Incredible Prices for Cancer Drugs
An unusually bold stand by doctors at the Memorial Sloan-Kettering Cancer Center in New York has forced a big drug company to reduce the cost of an overpriced drug for treating colorectal cancer that was no better than a cheaper competitor and did almost nothing to extend a patient’s life. It is a heartening sign that alert and aggressive physicians can potentially play a major role in helping to reduce the escalating costs of health care for treatments of marginal value.
The drug is Zaltrap, which was developed by Sanofi, a large French pharmaceutical company, and Regeneron Pharmaceuticals, a small biotechnology company in Tarrytown, N.Y. It was approved by the Food and Drug Administration in August as a second-line treatment for colorectal cancer after initial courses of treatment have stopped working. It is used for treating colorectal cancer that has spread from the colon to other parts of the body and is administered intravenously.
Zaltrap was initially priced at about $11,000 a month, more than double the price of a competing drug, Avastin, made by Genentech, which is itself considered too expensive by many doctors for the minimal medical benefit it delivers. When added to standard cancer treatments, both drugs improve the median survival time of patients by a minuscule 1.4 months.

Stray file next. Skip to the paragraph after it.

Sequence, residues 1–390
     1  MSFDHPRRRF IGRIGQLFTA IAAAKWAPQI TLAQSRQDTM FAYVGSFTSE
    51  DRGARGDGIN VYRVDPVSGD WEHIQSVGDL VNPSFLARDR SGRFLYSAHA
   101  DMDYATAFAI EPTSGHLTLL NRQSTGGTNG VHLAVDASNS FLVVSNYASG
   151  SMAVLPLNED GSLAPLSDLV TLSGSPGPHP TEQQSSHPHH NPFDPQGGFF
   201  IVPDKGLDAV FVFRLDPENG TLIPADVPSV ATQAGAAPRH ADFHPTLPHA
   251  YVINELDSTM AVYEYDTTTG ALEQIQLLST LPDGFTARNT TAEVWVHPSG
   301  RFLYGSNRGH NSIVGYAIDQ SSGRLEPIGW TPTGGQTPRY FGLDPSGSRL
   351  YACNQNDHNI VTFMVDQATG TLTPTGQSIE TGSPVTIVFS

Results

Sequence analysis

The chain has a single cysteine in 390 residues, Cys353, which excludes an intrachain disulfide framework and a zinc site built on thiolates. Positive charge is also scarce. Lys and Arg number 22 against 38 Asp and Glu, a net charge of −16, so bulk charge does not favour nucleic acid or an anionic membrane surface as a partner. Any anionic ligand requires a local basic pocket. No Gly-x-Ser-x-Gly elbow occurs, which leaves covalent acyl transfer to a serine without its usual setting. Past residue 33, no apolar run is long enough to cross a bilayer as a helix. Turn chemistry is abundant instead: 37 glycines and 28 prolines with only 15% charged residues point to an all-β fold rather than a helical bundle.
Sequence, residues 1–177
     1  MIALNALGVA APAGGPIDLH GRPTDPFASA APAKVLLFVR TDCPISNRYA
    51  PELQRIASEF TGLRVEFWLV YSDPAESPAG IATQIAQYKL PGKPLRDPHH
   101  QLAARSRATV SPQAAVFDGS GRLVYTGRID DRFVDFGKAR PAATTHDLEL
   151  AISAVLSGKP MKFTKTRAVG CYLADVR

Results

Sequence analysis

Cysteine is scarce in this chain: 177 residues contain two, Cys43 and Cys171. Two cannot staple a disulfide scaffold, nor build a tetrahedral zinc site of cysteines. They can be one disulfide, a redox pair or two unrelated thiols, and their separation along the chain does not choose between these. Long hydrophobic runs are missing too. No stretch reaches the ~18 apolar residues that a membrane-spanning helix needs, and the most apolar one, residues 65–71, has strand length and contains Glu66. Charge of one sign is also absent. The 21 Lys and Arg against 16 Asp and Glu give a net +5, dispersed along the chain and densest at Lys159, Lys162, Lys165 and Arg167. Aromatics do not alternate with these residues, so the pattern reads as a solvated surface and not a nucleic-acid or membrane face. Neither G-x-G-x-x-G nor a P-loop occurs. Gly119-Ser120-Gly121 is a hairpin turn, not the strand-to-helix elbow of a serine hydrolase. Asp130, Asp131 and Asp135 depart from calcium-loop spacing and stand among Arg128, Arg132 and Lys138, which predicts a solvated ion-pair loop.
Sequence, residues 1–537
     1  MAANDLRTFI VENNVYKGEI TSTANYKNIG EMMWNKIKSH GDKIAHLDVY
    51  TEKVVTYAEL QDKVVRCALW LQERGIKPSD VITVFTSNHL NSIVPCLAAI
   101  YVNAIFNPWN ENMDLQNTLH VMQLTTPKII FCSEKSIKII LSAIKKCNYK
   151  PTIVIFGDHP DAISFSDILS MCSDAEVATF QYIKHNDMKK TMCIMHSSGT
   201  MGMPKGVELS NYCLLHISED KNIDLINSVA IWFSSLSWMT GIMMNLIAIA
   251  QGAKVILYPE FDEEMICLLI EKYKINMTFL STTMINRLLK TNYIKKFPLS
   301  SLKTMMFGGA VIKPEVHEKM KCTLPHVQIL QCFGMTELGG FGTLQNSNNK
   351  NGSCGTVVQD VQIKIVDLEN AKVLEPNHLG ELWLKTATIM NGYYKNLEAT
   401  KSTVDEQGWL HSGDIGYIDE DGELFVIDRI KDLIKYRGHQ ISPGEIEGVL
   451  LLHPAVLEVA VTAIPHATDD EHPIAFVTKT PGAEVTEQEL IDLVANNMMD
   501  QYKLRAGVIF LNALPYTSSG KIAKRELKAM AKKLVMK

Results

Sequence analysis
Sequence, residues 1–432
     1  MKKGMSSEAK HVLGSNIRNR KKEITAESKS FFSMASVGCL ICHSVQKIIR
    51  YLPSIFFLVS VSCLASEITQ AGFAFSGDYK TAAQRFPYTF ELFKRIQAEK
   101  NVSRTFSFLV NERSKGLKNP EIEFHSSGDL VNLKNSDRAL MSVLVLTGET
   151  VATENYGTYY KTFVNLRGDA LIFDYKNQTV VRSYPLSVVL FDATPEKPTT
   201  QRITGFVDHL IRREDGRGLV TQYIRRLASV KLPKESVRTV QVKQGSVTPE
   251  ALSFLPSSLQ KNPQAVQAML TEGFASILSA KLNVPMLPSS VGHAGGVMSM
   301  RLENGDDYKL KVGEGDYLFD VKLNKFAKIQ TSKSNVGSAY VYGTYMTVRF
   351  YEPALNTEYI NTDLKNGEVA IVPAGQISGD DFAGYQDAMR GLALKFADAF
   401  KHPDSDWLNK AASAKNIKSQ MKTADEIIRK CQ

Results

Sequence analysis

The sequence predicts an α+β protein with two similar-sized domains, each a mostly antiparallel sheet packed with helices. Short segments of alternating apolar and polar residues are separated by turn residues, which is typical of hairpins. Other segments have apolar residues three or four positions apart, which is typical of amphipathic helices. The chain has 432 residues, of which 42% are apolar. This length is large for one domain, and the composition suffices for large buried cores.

The doctors at Sloan-Kettering balked at the high price of Zaltrap and decided not to approve the drug for use in the hospital. Three of the doctors then wrote an Op-Ed article in The New York Times explaining their rationale and making a strong case that there is often little relationship between the prices of drugs and the value they provide. Companies often seem to charge what the market will bear for cancer drugs — as much as $35,000 a month and $100,000 a year in various cases.
The president of the American Society of Clinical Oncology recently praised Sloan-Kettering for addressing “the elephant in the room: unsustainable costs in cancer care.” With other doctors expressing support for Sloan-Kettering’s move, Sanofi announced last Thursday that it would effectively cut the price of Zaltrap in half. Sanofi is not changing the official price for Zaltrap but will offer discounts of about 50 percent to the doctors and hospitals who buy the drug and then administer it intravenously to patients.
There are few constraints on escalating cancer drug prices in the current health care market. That will need to change. Sloan-Kettering has shown what the medical profession can do to reduce costs if it has a mind to.